I drove around and got to your house accidentally. So I sat there with the windows rolled down for the cold night and I looked at your windows, and they were dark. I turned the radio on, I smoked a cigarette, but I was uneasy. I changed the stations, I rolled another cigarette. I put the seat down and I thought perhaps I’ll stay there for the night, and I almost lulled myself down with a thought of how, three years ago, I waited down here on the nearby bench, drinking one of six beers I had in a bag I got from the all-night store, sitting across the street from you like I am now, looking at your windows as I do now, watching your silhouette as you were pacing the room, phone to your ear, trying to get hold of your shrink who was in another country. You told me to get out and I said no, it may have worked with other men but not with me, woman, and you went into a panic attack, and you were pacing, and you were crying, and I was standing there and there was nothing I could do.
So I took my keys and I waited outside and I was looking up the number for your shrink when she’s abroad with my phone on a neighbor’s wifi, and I texted it to you and I watched as you talked and I saw how your pacing eased and calmed as you did. And then I drunk the second beer, the third, the fifth, the last.
I thought of that night and it was a familiar country in my head, and maybe if the cold was less biting just then, it would have been enough, but I was still uneasy, and I got out of the car and I jumped up and down a little, trying to keep quiet and looking at your window. But that didn’t work, and so I got up to your place and broke in, quietly, and sat like a thief in my armchair in your dark living room.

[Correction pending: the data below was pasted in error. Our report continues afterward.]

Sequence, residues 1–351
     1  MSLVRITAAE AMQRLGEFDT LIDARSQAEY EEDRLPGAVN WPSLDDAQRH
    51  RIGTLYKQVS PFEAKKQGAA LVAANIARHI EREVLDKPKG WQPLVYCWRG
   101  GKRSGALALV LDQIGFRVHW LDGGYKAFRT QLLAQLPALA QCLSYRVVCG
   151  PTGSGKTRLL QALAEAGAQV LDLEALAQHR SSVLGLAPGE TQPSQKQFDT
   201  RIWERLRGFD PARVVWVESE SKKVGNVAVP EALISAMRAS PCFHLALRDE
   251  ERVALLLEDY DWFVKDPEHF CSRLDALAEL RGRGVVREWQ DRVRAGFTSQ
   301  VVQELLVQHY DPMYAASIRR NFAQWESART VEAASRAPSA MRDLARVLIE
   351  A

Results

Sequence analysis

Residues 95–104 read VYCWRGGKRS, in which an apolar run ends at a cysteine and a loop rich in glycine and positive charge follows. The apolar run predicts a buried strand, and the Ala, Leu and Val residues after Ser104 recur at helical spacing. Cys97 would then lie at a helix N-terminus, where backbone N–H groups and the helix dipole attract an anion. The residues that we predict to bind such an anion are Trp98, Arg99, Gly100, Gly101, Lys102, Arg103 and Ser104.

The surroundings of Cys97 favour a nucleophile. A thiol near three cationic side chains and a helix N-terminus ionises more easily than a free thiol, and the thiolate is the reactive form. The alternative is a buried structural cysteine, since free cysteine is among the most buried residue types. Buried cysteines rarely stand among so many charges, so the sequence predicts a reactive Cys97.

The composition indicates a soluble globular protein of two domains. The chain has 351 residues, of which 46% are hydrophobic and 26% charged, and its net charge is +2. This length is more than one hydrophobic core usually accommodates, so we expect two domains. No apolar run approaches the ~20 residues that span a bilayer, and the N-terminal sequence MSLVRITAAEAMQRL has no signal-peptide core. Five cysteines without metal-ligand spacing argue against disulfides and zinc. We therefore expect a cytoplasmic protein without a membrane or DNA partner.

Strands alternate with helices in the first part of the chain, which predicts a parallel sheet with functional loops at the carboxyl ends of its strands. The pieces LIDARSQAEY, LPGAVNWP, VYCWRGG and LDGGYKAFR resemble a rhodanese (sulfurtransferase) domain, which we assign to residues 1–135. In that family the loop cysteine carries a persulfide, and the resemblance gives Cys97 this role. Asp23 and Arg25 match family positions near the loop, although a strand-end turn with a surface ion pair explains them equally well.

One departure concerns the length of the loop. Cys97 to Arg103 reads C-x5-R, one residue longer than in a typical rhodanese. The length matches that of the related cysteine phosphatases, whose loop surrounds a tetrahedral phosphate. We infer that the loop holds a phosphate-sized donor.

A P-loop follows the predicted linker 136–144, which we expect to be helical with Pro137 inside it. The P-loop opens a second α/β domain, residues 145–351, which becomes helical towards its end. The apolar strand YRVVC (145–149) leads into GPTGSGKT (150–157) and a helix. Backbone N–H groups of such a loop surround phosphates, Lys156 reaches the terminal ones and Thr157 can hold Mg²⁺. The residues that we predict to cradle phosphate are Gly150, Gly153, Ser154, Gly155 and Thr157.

I sat there, staring, betrayed, at your new drapes, twitching my legs and wanting to smoke. I took off my shoes, taking care to leave them neatly by the chair, and I went to your bedroom door and I almost sighed out loud with relief when I saw you were sleeping alone. I don’t know what I would have done that night if I saw you there with somebody. I sat there on the bed next to you, watching you breathe, and breathing with you, and then I lay down, and then I curled into a ball and watched you like this all night, matching a breath for a breath. And as the sun came crawling through the window I got up, very gently, and closed your bedroom door, and I made you a nice breakfast. Quietly as I could, and nothing too fancy. One piece of bread, very lightly toasted, one piece of bread toasted almost black, with the edges cut off, on the edges of the plate, and a simple salad — lettuce I ripped by hand because I couldn’t find a knife, and some cheese — tried to arrange them all nicely on the plate, and I put my shoes on and I closed the door behind me. I often think of it, and about many things like that, and of what you might be thinking to yourself as you’re eating those breakfasts.